By Linda Dillman
Madison Township is putting finishing touches on a new Community Center rate chart for 2023 and the trustees are considering citizen suggestions to increase rental fees for non-residents higher than first proposed in May.
During the June 16 Madison Township trustee meeting, Administrator Susan Brobst said one resident felt the rates were “too cheap” and another felt the rates could easily be doubled for non-residents. Community Center rental prices have not increased in 12 years.
For township residents the cost is currently $20 for the first four hours and then $10 for each additional hour. For non-residents, the cost is a flat $20 per hour fee. There is no charge for non-profits, school use, township businesses, employees and activities like a funeral repast.
Prices for residents and local businesses are lower than those for non-residents since non-residents do not pay property taxes.
Brobst recommended the township eliminate a free use policy and instead institute a $20 flat cleaning fee. She suggested raising the cost for residents to $25 for the first four hours and keep the $10 rate for each additional hour. Non-residents would pay a flat $30 per hour.
Based on 2019 figures before the pandemic impacted reservations, Brobst said a breakdown of average expenditures indicate each event cost the township approximately $116. Other than non-profit organizations, the administrator reported the average use time is four hours.
If the trustees decide in July to eliminate the free use policy for local non-profits, Trustee John Pritchard asked if special groups—such as the American Legion, Groveport Madison Alumni Association and scouts—could be eligible for township grants to offset the cost.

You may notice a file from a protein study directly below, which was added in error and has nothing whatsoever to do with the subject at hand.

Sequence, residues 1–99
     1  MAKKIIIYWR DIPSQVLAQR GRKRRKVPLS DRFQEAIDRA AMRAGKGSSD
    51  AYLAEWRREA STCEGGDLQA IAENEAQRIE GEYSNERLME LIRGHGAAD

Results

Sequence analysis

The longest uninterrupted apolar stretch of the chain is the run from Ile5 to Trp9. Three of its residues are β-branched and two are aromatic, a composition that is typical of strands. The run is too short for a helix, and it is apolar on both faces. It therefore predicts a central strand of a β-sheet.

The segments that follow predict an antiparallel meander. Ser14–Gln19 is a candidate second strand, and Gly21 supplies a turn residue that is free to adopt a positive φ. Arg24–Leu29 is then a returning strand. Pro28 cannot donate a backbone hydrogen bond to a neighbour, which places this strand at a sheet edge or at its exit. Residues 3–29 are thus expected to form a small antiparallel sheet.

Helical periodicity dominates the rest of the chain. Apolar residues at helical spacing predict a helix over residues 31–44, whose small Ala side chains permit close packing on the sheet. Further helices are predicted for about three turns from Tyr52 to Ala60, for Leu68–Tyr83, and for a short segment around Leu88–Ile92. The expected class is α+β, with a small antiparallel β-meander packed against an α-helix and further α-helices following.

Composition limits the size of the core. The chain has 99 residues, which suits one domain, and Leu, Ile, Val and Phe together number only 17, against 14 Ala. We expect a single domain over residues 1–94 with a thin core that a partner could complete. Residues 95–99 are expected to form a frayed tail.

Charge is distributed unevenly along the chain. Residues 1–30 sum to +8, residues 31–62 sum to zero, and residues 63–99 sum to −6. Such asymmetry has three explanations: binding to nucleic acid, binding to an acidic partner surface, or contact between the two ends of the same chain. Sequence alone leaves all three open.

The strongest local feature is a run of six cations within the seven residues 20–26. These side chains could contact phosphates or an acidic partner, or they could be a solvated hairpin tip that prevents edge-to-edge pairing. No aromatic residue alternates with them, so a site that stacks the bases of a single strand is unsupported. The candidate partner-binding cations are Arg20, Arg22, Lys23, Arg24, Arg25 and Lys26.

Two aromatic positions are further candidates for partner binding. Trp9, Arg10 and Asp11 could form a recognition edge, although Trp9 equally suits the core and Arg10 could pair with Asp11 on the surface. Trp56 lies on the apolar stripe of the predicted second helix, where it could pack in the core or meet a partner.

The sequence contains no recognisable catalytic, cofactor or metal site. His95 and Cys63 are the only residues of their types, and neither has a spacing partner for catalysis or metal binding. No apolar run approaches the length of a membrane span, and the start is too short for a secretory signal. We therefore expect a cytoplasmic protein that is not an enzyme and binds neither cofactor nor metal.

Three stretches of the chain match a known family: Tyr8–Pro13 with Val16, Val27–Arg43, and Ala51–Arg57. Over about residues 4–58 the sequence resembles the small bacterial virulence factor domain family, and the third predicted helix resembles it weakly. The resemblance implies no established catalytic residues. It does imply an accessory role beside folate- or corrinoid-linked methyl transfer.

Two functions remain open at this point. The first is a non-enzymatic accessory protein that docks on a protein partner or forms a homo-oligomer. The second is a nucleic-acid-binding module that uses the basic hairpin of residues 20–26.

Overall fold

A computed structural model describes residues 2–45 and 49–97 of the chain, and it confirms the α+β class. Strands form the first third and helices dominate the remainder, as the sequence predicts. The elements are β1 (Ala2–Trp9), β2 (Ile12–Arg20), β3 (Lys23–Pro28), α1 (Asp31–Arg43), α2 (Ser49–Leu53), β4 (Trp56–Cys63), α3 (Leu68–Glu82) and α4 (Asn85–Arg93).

“It is a value we would be giving to them,” said Pritchard, who also felt the rate for non-residents is too low. “I would double that. I don’t think $100 for two hours is bad. We need to make sure we take care of our residents.”
Brobst said she would bring the policy back, along with any additional comments submitted by citizens, in time to set rates at the July 21 meeting.
Other Madison Township news
•Police Chief Gary York asked the trustees to approve a Matrix agreement for a new police records management system. York said the system allows for better sharing of information with outside departments and multiple agencies are already contributing to the Matrix database.
“This is something the (Franklin County) sheriff’s office is currently using,” said York. “At the end of the day, this is a win-win for all of us.”
•Brobst said a June 4 tire collection held in partnership with Canal Winchester, Franklin County Public Health and Columbus Public Health brought in 860 used tires from township residents.
“Public Health was overwhelmed,” said Brobst, who said while she hopes to partner with the county, Columbus, and Canal Winchester again next year. Madison Township is also planning to hold their own collection at Brobst Park sometime this fall.